“My recollection of the entire trip is as follows. I do not recall leaving dockside or the trip across the Atlantic, but I do remember passing through the Panama Canal and the large ropes connected to the mechanical “donkeys” pulling the ship through the locks.
“In Curaçao the ship was refuelled from a large barge and I can easily recall hanging over the ship’s rail watching the men at work, and throwing down a couple of Dinky toys to them (why I don’t know, kids I suppose) Steve was with me, I think that we gave our parents hell on that trip, two young boys on an adventure of a lifetime.
“The other recollection I have of that time was that my father must have gone ashore because I do remember him with a couple of other blokes being helped back up the gangway, drunk as skunks, on the local banana rum, I am led to believe. The rest of the trip must have been fairly uneventful as I don’t recall much from then on, I do know I was a bit sick for a few days reaching Panama.
“I have a very vague memory of docking in Wellington at night and next morning leaving the ship, only to return with my father as I had left my Dinky toys under my bunk pillow for safe keeping. Our cabin steward Rupert, that Steve mentioned, took us back to look, but we never found them.”
Having just typed up the Passenger List for the voyage of the Rangitiki, which left Wellington in March 1937 bound for London, I realised that there were a fair number of potentially interesting people on board.
It turned out that many of the passengers were travelling to the UK to represent New Zealand at the Coronation of George VI and Elizabeth, our present Queen’s parents.
The New Zealand website Papers Past is an excellent free resource, and on searching for one of the names in the Passenger List, two newspaper articles appeared in the results.
The Officers, including Major Leckie, Captain Frickleton, Lieutenant D. Swettzer (on the Passenger List as Lieut. D. Sweetzer), Lieutenant R. W. Haddow, Lieutenant A. A. Tennant and Flying-Officer D. E. Grigg, can all be found amongst the First Class passengers in the List. I could not find Captain Garruth, so perhaps he was unable to travel.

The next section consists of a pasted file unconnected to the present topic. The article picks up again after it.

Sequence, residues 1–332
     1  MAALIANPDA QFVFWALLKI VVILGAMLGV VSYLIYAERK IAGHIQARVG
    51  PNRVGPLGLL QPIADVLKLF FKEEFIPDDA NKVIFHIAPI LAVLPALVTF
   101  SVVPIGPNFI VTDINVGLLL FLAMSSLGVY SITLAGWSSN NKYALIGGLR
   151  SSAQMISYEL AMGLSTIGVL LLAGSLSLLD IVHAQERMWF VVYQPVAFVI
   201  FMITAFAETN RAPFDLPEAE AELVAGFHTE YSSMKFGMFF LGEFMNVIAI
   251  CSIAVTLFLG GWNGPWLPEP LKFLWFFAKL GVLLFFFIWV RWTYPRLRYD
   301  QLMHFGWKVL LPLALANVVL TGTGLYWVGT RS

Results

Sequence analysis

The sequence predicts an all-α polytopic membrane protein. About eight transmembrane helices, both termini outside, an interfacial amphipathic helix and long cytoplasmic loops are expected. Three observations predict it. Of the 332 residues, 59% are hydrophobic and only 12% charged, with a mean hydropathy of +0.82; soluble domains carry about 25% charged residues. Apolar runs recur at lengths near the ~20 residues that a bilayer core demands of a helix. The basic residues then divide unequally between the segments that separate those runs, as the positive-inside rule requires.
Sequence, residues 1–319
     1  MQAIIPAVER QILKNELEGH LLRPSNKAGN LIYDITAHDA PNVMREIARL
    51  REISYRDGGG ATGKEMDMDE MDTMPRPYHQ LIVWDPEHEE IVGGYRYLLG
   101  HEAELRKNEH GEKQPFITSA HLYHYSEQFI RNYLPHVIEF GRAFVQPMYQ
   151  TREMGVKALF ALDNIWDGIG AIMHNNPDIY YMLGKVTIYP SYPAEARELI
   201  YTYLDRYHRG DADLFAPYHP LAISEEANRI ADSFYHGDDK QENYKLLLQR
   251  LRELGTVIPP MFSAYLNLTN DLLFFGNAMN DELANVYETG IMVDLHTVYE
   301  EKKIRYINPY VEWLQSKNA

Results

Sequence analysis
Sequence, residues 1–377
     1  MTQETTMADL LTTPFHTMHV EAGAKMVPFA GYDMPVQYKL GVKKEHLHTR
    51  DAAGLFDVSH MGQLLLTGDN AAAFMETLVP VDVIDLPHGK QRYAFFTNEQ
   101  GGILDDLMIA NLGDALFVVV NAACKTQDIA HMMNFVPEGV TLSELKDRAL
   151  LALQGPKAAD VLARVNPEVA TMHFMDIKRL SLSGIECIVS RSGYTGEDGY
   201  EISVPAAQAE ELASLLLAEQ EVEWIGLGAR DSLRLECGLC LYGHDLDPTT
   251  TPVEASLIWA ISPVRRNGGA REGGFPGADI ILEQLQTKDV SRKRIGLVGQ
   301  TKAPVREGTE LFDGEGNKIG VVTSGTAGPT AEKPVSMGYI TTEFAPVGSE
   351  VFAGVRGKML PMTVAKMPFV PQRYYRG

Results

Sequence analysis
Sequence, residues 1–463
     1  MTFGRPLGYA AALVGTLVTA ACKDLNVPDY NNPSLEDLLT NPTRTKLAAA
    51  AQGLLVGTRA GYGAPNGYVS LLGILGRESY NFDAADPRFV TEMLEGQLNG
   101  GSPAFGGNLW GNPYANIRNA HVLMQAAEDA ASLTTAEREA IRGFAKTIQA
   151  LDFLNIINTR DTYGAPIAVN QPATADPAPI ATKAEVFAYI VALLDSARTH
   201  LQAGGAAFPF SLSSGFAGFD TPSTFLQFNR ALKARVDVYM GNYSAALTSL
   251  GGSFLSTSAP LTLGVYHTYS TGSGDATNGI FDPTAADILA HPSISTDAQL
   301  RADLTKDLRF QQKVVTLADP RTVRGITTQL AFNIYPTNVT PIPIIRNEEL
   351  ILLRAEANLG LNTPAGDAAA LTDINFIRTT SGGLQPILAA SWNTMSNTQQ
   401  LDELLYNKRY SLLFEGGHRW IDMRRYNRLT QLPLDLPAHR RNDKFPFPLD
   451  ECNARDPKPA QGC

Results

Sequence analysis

The men selected seem to be listed in Tourist “B” class, not mixing with the Officers of course.
In this newspaper story, Lieutenant D. Sweetzer is listed with the same spelling as in the Passenger List, so I assume that this is correct.
Here is a short video from YouTube that was released by British Movietone.
Read about the luxurious Rangitiki here:
When adding some more Passenger Lists to this website recently, I noticed an interesting item in one of the 1935 lists, with the following text:
As a comparison, according to the Economics Help website*, “terraced houses in the London area could be bought for £395 in the mid-1930s when average earnings were about £165 per year.”
An online inflation calculator** shows that £140 for a First class fare in 1936 would be equivalent to just under £10,000 in 2020, and the Cabin class fare would be just under £8,000!
Housing is a different story. For example, that £395 terraced house in the London area would certainly cost more than £28,000 today (even if it still had the original outside toilet)!
So my initial reaction, which was something like, “wow, I wish I had a time machine to go on that Round Voyage”, is actually very wrong . . . and I certainly prefer my modern bathroom facilities at home.
I recently purchased this photograph, hoping to find out more about it, but so far I have drawn a blank. The men in the photo do not look like the ship’s Officers, more like crew members … and some of those I certainly wouldn’t want to get into an argument with! Obviously it is taken on the SS Turakina, and fortunately there is a note written on the back:
Unfortunately I have been unable to find a crew listing which includes William Linton Smith (or perhaps Lindon?) who is “seated second from right“. I did find one for a William Smith on the Turakina, on the Royal Museums Greenwich website (click for full list), but I am not sure if this is him. There is a screen shot below from the RMG website.